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Euro 2020: Italy finally believe that football’s ‘coming Rome’

England may be enjoying playing at Wembley during Euro 2020, but on last night’s evidence, Italy are, too.

Roberto Mancini’s side have appeared at the national stadium twice during the tournament and, despite not always being at their best, on both occasions they have found a way to win.

That was certainly the case last night, as Italy defeated Spain 4-2 on penalties to book a place in Sunday’s final.

Before the drama of penalties, the two teams could not be separated during a pulsating 120 minutes that made this match a strong contender for game of the tournament. If England v Denmark tonight is half as good, then the 60,000 at Wembley are in for a treat.

This game was, at times, breathtaking and the quality of Federico Chiesa and Alvaro Morata’s goals were fitting. Chiesa curled his into the far corner on the hour mark, while Morata showed the kind of composure he wished he’d had in the shootout.

“When you’re involved in such an intense tournament, there always comes a game where you have to dig in and suffer,” Italy boss Mancini said. “Almost no one believed we could do it, but the players believed right from day one we could do something incredible.”

Before Italy’s first game of the knockout stages, their last-16 tie with Austria at Wembley, Leonardo Bonucci warned his team-mates that “occasionally you need to be big, bad and ugly”. He was proved right against Austria, as Italy needed extra-time to win but, after this victory over Spain, Bonucci has been fully vindicated.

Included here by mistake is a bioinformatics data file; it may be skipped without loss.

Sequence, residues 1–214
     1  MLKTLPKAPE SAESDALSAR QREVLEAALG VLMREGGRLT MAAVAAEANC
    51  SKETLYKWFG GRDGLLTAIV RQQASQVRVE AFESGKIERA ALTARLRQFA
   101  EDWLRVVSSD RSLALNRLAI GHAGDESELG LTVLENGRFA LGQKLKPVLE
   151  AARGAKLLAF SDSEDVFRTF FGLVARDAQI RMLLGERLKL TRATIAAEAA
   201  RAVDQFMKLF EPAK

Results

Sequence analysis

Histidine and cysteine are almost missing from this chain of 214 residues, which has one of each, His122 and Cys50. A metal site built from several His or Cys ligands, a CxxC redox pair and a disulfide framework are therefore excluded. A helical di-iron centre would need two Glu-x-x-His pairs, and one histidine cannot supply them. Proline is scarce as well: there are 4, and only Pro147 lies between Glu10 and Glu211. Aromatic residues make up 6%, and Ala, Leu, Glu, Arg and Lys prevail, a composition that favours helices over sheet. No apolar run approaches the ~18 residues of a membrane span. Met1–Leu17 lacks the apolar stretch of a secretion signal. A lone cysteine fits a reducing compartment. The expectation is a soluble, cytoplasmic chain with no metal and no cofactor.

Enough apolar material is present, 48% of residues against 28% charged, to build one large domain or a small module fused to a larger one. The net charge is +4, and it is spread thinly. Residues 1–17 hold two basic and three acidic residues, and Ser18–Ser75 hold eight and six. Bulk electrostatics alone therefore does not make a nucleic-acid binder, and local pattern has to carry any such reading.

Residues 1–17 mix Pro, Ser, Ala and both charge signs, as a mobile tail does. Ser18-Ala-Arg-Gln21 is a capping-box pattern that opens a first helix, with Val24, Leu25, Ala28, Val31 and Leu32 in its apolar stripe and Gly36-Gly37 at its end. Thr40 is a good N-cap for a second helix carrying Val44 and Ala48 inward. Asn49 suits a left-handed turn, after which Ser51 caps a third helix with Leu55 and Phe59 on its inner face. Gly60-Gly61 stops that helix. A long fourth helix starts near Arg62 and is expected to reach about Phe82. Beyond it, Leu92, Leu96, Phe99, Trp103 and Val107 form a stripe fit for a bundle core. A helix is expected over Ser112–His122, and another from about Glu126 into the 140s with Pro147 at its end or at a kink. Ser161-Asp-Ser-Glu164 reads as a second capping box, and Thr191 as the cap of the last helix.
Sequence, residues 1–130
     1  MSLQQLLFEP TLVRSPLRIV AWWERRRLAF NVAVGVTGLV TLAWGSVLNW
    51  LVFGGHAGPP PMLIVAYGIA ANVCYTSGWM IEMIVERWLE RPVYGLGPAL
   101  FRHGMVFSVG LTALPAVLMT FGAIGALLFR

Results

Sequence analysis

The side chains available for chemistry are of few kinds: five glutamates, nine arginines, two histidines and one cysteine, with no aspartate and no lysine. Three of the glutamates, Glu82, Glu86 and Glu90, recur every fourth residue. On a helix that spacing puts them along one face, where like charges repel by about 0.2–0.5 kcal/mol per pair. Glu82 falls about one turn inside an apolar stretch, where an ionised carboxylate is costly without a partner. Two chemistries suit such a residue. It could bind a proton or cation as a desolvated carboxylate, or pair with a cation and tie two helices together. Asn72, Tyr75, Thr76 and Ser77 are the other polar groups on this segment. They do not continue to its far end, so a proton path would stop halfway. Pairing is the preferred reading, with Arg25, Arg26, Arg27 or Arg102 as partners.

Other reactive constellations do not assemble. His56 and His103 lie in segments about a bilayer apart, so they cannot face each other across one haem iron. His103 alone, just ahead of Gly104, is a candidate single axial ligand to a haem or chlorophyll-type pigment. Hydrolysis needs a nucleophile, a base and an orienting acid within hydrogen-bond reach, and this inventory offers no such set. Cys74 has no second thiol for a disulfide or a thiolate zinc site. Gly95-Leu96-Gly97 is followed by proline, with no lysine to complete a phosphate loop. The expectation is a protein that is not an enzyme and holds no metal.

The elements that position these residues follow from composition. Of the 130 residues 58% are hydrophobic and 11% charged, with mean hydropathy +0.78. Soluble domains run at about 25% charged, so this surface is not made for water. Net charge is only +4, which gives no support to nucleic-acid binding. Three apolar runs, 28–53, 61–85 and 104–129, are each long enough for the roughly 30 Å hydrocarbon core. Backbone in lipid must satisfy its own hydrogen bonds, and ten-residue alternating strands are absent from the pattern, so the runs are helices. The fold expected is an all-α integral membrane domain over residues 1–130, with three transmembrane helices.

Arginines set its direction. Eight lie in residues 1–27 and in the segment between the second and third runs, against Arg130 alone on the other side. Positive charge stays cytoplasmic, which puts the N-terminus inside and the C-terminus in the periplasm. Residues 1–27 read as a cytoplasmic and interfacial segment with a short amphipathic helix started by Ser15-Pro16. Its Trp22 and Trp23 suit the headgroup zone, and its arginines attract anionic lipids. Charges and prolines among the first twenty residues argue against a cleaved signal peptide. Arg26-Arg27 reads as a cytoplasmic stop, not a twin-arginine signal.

Under Mancini, Italy have become much more of a progressive and possession-based side, but they were unable to be that last night. Spain rolled back the years and dominated possession with the type of performance we saw during their pomp a decade ago.

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Manager Luis Enrique even dusted off the old tactic of playing without a recognised striker, as Morata was left on the bench and Dani Olmo was deployed as a false nine. Their midfield was excellent, marshalled superbly by captain Sergio Busquets. It was 18-year-old Pedri, however, who stole the show.

He did not misplace a single pass during the 90 minutes and it felt incredibly cruel for him to be on the losing side after such a performance.

“Is everyone paying attention to what a kid of 18 has done at this Euros? What Pedri’s achieved, nobody has seen before,” said Enrique. “Not even when Andres Iniesta burst through.”

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